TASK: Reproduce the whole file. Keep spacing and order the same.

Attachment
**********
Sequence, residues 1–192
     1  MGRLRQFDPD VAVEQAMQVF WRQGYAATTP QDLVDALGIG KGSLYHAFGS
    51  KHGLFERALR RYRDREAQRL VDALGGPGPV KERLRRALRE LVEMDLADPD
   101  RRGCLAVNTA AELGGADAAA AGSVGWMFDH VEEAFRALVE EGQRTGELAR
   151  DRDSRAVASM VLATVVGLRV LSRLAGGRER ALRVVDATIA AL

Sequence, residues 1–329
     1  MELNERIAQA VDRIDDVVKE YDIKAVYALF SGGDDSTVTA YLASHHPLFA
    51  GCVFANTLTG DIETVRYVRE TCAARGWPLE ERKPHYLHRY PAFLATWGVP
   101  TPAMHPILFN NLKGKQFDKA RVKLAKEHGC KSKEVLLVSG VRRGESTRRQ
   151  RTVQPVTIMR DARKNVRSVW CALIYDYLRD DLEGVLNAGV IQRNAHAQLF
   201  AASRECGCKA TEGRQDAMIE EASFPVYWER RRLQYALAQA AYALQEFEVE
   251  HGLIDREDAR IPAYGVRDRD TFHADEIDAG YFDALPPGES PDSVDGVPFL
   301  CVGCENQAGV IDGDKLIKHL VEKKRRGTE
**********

Sequence, residues 1–192
     1  MGRLRQFDPD VAVEQAMQVF WRQGYAATTP QDLVDALGIG KGSLYHAFGS
    51  KHGLFERALR RYRDREAQRL VDALGGPGPV KERLRRALRE LVEMDLADPD
   101  RRGCLAVNTA AELGGADAAA AGSVGWMFDH VEEAFRALVE EGQRTGELAR
   151  DRDSRAVASM VLATVVGLRV LSRLAGGRER ALRVVDATIA AL

Sequence, residues 1–329
     1  MELNERIAQA VDRIDDVVKE YDIKAVYALF SGGDDSTVTA YLASHHPLFA
    51  GCVFANTLTG DIETVRYVRE TCAARGWPLE ERKPHYLHRY PAFLATWGVP
   101  TPAMHPILFN NLKGKQFDKA RVKLAKEHGC KSKEVLLVSG VRRGESTRRQ
   151  RTVQPVTIMR DARKNVRSVW CALIYDYLRD DLEGVLNAGV IQRNAHAQLF
   201  AASRECGCKA TEGRQDAMIE EASFPVYWER RRLQYALAQA AYALQEFEVE
   251  HGLIDREDAR IPAYGVRDRD TFHADEIDAG YFDALPPGES PDSVDGVPFL
   301  CVGCENQAGV IDGDKLIKHL VEKKRRGTE